Gaps in Referral to Cardiac Rehab after PCI
JACC in a Flash | Many patients do not receive referrals for guideline-recommended cardiac rehabilitation after angioplasty, according to a new study published May 11 in JACC. The researchers found high variation between regions of the U.S., with the Midwest being the most likely to refer patients for cardiac rehab at 76 percent, compared with 55 percent in the South, 50 percent in the Northeast and 49 percent in the West.
Participation in cardiac rehabilitation is associated with better clinical outcomes including lower mortality and rehospitalization rates. Patients are much more likely to participate in these programs if they have been referred by their physician.
The study, based on data from the ACC’s NCDR CathPCI Registry® between July 2009 and March 2012, found that other institutional characteristics such as volume of angioplasty procedures, larger hospital size, as well as private and community hospitals could also influence the rate of referrals. Physicians may also be more likely to refer patients they feel are more likely to participate in, complete and benefit from a cardiac rehabilitation program rather that referring all patients.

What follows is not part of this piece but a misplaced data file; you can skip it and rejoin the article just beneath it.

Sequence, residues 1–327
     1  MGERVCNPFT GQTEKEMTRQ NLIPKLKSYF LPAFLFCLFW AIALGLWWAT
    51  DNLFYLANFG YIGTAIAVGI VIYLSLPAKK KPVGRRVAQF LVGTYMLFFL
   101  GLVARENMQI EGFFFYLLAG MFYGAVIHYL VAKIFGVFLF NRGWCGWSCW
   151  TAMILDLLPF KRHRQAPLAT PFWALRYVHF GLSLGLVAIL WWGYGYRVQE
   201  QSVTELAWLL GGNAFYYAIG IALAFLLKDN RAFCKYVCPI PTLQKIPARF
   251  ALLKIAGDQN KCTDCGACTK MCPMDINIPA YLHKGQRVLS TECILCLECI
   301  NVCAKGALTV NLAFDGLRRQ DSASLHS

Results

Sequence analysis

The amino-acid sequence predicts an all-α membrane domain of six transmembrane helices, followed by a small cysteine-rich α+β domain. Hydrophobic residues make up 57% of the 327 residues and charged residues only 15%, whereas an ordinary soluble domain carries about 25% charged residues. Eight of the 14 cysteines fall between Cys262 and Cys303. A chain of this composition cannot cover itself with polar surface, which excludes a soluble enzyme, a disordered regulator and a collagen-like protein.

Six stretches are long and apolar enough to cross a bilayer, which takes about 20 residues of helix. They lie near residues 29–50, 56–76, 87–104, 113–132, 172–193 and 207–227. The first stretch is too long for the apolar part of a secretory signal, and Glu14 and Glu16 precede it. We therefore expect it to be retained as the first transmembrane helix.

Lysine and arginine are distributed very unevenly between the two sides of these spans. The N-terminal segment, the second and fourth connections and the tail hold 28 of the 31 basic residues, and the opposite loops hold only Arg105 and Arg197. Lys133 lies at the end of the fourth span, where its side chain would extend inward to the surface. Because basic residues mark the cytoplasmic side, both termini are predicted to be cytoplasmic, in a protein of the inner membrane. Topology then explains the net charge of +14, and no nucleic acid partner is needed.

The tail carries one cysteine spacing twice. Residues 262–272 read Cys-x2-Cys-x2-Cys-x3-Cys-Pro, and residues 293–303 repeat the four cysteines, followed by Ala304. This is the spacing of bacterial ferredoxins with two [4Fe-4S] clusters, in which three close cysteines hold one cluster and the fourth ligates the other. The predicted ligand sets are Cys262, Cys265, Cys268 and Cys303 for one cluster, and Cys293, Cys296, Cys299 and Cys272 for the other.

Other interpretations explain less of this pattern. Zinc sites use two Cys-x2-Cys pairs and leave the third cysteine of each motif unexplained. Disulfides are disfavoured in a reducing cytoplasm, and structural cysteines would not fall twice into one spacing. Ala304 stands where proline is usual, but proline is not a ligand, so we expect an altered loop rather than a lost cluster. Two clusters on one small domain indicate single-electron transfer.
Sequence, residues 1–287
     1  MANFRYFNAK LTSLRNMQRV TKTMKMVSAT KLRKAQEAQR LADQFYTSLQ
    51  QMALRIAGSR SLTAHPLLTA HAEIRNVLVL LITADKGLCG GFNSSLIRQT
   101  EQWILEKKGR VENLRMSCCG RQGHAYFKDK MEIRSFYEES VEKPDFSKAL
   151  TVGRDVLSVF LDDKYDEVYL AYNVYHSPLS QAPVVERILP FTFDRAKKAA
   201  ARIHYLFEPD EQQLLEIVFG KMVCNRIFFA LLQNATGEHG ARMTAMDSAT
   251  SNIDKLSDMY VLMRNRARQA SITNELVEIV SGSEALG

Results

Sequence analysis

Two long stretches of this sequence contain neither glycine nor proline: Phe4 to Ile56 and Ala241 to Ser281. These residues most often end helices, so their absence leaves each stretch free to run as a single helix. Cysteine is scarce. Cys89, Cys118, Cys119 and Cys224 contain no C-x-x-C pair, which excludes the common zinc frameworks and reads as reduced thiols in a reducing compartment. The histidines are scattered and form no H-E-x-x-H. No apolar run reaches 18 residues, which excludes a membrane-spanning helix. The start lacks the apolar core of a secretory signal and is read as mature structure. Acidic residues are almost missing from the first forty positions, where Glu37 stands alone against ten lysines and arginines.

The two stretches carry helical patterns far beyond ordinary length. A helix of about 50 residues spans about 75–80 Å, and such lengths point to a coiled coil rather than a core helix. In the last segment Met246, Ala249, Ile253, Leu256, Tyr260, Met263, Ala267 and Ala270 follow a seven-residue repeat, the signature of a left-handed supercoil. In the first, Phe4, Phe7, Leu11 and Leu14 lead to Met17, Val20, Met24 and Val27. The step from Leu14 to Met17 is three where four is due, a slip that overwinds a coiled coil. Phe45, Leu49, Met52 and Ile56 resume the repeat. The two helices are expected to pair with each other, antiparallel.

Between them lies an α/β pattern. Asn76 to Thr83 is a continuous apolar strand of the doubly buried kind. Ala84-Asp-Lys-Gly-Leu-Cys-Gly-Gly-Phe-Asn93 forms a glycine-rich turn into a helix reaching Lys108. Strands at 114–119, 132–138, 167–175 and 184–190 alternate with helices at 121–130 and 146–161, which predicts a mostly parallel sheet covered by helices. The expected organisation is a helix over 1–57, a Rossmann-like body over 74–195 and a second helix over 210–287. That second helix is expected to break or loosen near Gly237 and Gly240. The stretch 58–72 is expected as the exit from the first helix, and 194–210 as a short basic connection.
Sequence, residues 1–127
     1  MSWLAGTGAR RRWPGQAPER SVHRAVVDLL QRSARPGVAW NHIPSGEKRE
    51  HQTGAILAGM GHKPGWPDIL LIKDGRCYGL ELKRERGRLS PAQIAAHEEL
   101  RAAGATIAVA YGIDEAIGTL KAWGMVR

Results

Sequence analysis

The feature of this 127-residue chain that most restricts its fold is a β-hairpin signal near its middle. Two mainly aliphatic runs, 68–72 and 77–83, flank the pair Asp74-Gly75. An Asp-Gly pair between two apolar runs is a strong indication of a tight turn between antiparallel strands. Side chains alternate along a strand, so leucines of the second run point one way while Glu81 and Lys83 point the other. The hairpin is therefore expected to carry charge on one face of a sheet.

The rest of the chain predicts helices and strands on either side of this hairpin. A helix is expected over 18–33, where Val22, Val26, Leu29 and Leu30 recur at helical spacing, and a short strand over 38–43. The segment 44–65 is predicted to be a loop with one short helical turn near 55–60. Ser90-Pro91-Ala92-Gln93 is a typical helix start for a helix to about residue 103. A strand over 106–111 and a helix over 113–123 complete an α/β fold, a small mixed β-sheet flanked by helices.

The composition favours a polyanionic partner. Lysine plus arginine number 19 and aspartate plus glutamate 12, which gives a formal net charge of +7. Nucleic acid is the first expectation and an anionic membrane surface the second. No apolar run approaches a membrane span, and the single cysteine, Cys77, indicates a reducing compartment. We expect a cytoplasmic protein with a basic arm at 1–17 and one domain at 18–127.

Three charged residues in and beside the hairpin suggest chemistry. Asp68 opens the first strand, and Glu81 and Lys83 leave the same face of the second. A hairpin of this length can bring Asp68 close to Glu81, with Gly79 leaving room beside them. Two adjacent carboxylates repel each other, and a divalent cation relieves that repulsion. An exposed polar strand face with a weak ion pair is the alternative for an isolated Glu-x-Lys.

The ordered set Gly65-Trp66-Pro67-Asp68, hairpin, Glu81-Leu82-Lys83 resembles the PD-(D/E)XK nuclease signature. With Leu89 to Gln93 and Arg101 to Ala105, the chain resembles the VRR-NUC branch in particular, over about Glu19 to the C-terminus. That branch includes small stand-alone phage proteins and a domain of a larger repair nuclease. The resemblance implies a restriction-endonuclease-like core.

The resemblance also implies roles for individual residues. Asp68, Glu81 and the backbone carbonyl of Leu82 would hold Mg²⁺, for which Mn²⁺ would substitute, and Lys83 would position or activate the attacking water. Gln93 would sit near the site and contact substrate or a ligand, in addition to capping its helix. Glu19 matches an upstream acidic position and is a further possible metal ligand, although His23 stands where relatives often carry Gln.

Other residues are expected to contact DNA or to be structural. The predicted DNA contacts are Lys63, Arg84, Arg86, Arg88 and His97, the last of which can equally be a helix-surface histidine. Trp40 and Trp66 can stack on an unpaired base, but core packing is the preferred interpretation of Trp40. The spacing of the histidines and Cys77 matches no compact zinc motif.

On average, about 60% of all percutaneous coronary intervention patients were referred for cardiac rehabilitation. The rates were much lower than the rates of patients who were prescribed preventative medications. 97.5 percent of patients were prescribed aspirin and 89.8% were prescribed statins.
The findings here differed from previous studies in that it did not find a lack of insurance as a strong factor in non-referrals. Other factor such a patient age or comorbidities such as hypertension or diabetes also did not have much influence on referral rates. Patients who had had a heart attack were slightly more likely to be referred for cardiac rehab at a rate of 66 percent.
The authors conclude that these findings suggest a need to “identify and assist underperforming institutions through hospital-level interventions and ongoing efforts to monitor for future improvements in national cardiac rehabilitation referral rates.”
Aragam KG, Dai D, Neely ML, et al. J Am Coll Cardiol. 2015;65(19):2079-88.
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